Isabella d’Este learnt the prestige value of artistic patronage, and she indulged it when she became the Marchioness of Mantua. Before her, the Gonzaga family were noteworthy patrons. Their court artist, Andrea Mangegna, created some of the most striking series of frescoed rooms incorporating portraits of the Gonzaga family. The most important room, the state bedchamber, is frescoed with intimate scenes of the Gonzaga family of every generation. Young children holding a parent’s hand while an older sibling is welcomed back from study abroad or a diplomatic journey. There they could lie in bed and contemplate a painted oculus with cherubs peeping over and clouds passing by – scenes to slip into their dreams.
It is strange to us now that bedchambers for centuries were the room of display by great families. They symbolised the continuation of one’s line and, for those serving them in the palace, marketplace or countryside, the symbol of sustenance and security. We serve you if you protect us and ensure our survival. Spreading out for the Este castle is a medieval network of streets to the city walls, a crucial defence in the time of inter-city rivalries.
Ercole I d’Este laid out this medieval city of cobbled streets that we tread, somewhat painfully, today. It became a thriving city on that network of trade routes that attracted a considerable Jewish community. Many were deported to concentration camps in World War II, their names inscribed on the Synagogue wall.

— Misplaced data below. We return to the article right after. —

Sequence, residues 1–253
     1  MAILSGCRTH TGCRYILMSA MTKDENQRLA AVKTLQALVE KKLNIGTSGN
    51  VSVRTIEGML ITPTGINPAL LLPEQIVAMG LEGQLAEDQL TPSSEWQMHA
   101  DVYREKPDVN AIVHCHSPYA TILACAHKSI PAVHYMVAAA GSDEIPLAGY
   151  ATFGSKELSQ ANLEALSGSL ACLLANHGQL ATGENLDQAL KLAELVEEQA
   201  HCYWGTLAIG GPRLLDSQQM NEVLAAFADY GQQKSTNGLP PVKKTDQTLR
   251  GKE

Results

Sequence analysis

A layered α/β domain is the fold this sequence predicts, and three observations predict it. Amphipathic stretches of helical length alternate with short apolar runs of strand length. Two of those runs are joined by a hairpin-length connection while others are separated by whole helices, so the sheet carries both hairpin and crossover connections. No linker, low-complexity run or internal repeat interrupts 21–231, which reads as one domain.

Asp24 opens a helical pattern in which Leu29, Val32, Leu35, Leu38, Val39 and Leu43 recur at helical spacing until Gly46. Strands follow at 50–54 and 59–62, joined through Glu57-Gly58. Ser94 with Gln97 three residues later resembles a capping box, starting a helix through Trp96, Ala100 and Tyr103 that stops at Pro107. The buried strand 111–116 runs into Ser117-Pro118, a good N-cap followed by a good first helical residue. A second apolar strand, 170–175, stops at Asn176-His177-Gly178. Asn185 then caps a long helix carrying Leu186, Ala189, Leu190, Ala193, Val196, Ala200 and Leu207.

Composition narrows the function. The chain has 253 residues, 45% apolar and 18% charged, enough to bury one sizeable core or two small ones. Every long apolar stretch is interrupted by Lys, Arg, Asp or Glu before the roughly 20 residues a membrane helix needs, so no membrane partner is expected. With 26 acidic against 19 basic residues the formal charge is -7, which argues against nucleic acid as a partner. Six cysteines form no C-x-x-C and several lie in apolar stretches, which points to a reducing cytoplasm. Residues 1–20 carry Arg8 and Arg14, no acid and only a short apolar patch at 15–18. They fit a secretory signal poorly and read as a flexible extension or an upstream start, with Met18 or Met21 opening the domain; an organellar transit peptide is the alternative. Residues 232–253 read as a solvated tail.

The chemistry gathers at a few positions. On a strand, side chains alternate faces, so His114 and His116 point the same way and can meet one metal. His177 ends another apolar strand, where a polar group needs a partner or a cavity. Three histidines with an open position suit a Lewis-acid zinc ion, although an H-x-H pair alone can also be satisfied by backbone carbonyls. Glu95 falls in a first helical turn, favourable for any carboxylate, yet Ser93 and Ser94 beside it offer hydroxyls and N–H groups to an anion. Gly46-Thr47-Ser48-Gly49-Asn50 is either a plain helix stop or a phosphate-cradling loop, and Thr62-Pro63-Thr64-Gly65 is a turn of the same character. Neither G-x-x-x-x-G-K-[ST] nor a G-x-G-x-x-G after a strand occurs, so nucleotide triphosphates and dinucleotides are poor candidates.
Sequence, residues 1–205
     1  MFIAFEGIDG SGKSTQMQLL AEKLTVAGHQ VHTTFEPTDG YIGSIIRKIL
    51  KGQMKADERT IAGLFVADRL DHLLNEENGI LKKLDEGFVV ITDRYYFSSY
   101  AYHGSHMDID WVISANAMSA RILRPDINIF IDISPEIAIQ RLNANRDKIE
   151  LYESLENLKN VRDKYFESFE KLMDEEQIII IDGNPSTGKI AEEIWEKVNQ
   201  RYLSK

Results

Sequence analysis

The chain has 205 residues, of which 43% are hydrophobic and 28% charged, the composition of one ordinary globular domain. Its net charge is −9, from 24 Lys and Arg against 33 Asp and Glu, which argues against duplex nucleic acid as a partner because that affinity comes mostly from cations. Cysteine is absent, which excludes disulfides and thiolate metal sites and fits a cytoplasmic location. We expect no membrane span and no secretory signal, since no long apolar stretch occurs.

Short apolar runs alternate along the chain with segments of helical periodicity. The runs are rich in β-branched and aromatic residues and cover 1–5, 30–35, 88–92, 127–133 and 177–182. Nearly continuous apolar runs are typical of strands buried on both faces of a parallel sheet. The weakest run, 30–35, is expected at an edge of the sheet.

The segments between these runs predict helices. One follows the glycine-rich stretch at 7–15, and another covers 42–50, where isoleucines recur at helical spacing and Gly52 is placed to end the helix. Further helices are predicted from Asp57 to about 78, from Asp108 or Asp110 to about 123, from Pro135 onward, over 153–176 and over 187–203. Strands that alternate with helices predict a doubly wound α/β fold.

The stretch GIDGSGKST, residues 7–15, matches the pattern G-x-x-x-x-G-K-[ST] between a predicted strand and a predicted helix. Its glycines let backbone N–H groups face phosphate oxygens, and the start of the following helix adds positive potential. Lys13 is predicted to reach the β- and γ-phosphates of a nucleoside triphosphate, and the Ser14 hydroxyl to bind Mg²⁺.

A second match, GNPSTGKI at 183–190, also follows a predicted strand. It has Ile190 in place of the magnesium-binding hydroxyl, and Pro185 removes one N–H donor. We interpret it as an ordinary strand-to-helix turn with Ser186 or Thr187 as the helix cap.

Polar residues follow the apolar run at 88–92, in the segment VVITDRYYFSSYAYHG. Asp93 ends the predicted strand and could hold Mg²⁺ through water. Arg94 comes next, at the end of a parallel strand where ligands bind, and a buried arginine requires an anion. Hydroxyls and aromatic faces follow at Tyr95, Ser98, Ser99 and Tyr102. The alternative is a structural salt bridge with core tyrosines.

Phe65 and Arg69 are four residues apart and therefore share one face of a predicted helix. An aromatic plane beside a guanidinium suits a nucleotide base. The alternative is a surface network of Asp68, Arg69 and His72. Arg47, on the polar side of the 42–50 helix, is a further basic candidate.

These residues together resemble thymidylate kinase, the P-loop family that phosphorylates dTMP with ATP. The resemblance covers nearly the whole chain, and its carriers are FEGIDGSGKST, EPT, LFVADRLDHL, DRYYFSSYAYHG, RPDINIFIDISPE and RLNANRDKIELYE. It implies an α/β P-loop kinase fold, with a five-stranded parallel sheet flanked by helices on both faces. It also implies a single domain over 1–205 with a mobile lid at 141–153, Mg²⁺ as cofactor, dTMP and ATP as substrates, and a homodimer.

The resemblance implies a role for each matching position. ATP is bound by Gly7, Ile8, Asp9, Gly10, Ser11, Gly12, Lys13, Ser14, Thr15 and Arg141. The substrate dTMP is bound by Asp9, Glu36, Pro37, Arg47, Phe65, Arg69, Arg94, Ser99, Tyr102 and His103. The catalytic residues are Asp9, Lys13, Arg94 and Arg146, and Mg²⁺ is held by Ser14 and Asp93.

Ferrara is also a city with a strong literary tradition. The Este court welcomed the great poets Ariosto and Torquato Tasso, stars of Italian literature, and recently, at the end of the last century, the poet and novelist Giorgio Bassani, from the city’s Jewish community.
I met Giorgio Bassani towards the end of his life. He was a quiet, gentle, courteous presence, a generous observer of people, and have started to reread his short stories set in Ferrara. It reminds me of when I went outside Nottingham in the English Midlands to see ‘the landscape of my heart’, as the coalminer’s son, D.H. Lawrence, wrote. As I walked along the straight cobbled road named after Titian’s great patron, Ercole d’Este, I relived the pages in Bassani’s great novel of fragile adolescence love, like Lawrence’s ‘Sons and Lovers’. Somewhere down this street, in reality or imagination, behind high walls, comes the sound of ball on racquet, the smell of summer heat on pine needles and imagine the youth and passion of the young tennis players in the ‘Garden of the Finzi-Contini’.